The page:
In August of 2016, the Feed the Future Innovation Lab for Nutrition’s Nepal team had a surprise visit from Mr. Giriraj Subedi, the Nutrition Chief of the Child Health Division from the Nepal Ministry of Health and Population. He was joined by Mr. Anirudra Sharma, a nutrition specialist at UNICEF Nepal, and Mr. Angaad Shahi, the focal person for nutrition at DPHO Banke. The group was interested in the Nutrition Innovation Lab’s Aflacohort study, which had launched earlier in the summer. The Longitudinal birth cohort l study, consisting of 1675 mother-infant dyads in the Banke District, aims to examine how aflatoxin exposure in utero or early life affects birth outcomes and linear growth, and its subsequent impact on public health. As a part of study operations Enumerators from the Nutrition Innovation Lab’s team visit the mothers and newborns once during pregnancy and 6 times between birth and the child’s first year, collecting one blood sample from the mother and 3 from the child at various stages.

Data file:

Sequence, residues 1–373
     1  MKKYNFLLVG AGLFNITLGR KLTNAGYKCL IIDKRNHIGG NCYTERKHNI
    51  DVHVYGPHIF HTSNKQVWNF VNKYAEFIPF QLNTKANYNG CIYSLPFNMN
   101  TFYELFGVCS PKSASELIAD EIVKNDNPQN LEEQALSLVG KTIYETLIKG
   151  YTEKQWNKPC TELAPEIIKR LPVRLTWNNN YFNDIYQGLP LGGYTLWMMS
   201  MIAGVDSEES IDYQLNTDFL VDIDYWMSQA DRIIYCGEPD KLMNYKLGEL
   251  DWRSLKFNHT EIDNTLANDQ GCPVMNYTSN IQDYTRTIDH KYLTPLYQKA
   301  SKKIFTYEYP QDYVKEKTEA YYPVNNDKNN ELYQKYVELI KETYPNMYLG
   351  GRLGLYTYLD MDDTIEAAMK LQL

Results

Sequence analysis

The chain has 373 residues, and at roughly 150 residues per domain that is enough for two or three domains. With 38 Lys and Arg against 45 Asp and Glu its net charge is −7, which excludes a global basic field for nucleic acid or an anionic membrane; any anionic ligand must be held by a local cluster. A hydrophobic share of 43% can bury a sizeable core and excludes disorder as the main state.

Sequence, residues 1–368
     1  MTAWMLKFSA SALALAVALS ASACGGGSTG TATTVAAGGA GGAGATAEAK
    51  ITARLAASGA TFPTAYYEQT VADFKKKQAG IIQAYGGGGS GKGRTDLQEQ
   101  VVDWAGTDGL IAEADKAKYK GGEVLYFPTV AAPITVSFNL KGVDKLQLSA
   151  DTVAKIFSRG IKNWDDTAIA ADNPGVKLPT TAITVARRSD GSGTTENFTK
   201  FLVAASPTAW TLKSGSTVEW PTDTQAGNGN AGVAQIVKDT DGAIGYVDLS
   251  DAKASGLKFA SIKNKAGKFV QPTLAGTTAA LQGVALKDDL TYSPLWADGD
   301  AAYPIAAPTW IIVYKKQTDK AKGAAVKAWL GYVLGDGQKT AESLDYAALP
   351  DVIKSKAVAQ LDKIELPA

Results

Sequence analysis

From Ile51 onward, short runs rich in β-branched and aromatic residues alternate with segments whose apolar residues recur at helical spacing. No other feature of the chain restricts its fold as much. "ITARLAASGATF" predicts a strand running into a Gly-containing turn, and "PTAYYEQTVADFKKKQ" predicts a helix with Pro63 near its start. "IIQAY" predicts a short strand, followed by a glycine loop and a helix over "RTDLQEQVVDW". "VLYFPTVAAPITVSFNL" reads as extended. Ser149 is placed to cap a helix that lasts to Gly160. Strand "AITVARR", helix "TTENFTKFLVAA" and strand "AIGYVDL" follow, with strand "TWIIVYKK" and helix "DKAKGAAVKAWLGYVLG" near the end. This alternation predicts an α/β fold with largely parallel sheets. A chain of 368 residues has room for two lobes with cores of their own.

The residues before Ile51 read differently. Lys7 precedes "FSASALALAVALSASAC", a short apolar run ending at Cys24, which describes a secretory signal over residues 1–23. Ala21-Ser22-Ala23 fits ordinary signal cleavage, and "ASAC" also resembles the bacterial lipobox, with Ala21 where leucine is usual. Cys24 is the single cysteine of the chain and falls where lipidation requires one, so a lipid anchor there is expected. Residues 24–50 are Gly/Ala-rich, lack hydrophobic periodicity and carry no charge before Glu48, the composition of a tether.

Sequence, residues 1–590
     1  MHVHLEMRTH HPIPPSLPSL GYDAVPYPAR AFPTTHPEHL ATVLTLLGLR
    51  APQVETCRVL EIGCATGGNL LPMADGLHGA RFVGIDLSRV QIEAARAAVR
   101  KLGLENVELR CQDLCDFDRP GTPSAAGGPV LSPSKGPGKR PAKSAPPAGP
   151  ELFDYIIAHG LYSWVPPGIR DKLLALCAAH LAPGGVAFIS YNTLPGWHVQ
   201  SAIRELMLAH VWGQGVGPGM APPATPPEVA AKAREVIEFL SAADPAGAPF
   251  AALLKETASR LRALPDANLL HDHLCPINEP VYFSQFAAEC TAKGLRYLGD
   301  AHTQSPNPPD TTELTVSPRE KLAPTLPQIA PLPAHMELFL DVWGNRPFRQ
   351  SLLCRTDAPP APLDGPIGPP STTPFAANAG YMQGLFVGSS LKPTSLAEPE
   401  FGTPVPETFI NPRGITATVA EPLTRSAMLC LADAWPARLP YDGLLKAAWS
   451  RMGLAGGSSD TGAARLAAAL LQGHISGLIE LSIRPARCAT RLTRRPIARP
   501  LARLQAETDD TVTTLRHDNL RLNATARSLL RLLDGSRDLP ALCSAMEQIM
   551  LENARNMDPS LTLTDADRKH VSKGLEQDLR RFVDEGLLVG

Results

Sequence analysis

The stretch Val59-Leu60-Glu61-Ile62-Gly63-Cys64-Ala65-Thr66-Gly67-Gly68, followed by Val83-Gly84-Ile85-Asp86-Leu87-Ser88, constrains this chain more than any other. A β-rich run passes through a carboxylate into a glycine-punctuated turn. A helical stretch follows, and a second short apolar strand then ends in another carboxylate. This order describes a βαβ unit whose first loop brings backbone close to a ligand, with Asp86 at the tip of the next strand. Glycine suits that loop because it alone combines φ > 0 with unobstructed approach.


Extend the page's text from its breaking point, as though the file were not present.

The government representatives were checking in to better understand the methods and process of the study, getting some of the numbers pertaining to the number of ultrasounds and blood draws that had been completed thus far. The officials were keen to inquire about the working relations between the Innovation Lab’s team and the Banke District Health Office, stressing the importance of a healthy working relationship and open communication. During their visit, the three officials were able to speak with an enumerator from the field team, review the questionnaire, and see how the anthropometric measurements were taken. There was a general air of excitement and positivity for the study, in anticipation for its results.
The Aflacohort study is expected to continue collecting data for another 18 months, and is moving swiftly with study data collection at different time points.
Stay up to date on the Aflacohort study by following the Nutrition Innovation Lab on Twitter, #Aflacohort.